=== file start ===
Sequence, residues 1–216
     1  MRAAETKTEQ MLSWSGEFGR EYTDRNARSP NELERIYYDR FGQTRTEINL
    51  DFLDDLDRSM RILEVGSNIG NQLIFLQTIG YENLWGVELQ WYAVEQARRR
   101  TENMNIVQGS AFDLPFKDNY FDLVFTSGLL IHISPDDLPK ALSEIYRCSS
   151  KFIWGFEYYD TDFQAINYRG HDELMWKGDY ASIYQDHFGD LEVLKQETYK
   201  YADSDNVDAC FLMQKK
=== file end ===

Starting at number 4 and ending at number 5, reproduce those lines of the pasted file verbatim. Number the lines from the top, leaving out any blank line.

   101  TENMNIVQGS AFDLPFKDNY FDLVFTSGLL IHISPDDLPK ALSEIYRCSS
   151  KFIWGFEYYD TDFQAINYRG HDELMWKGDY ASIYQDHFGD LEVLKQETYK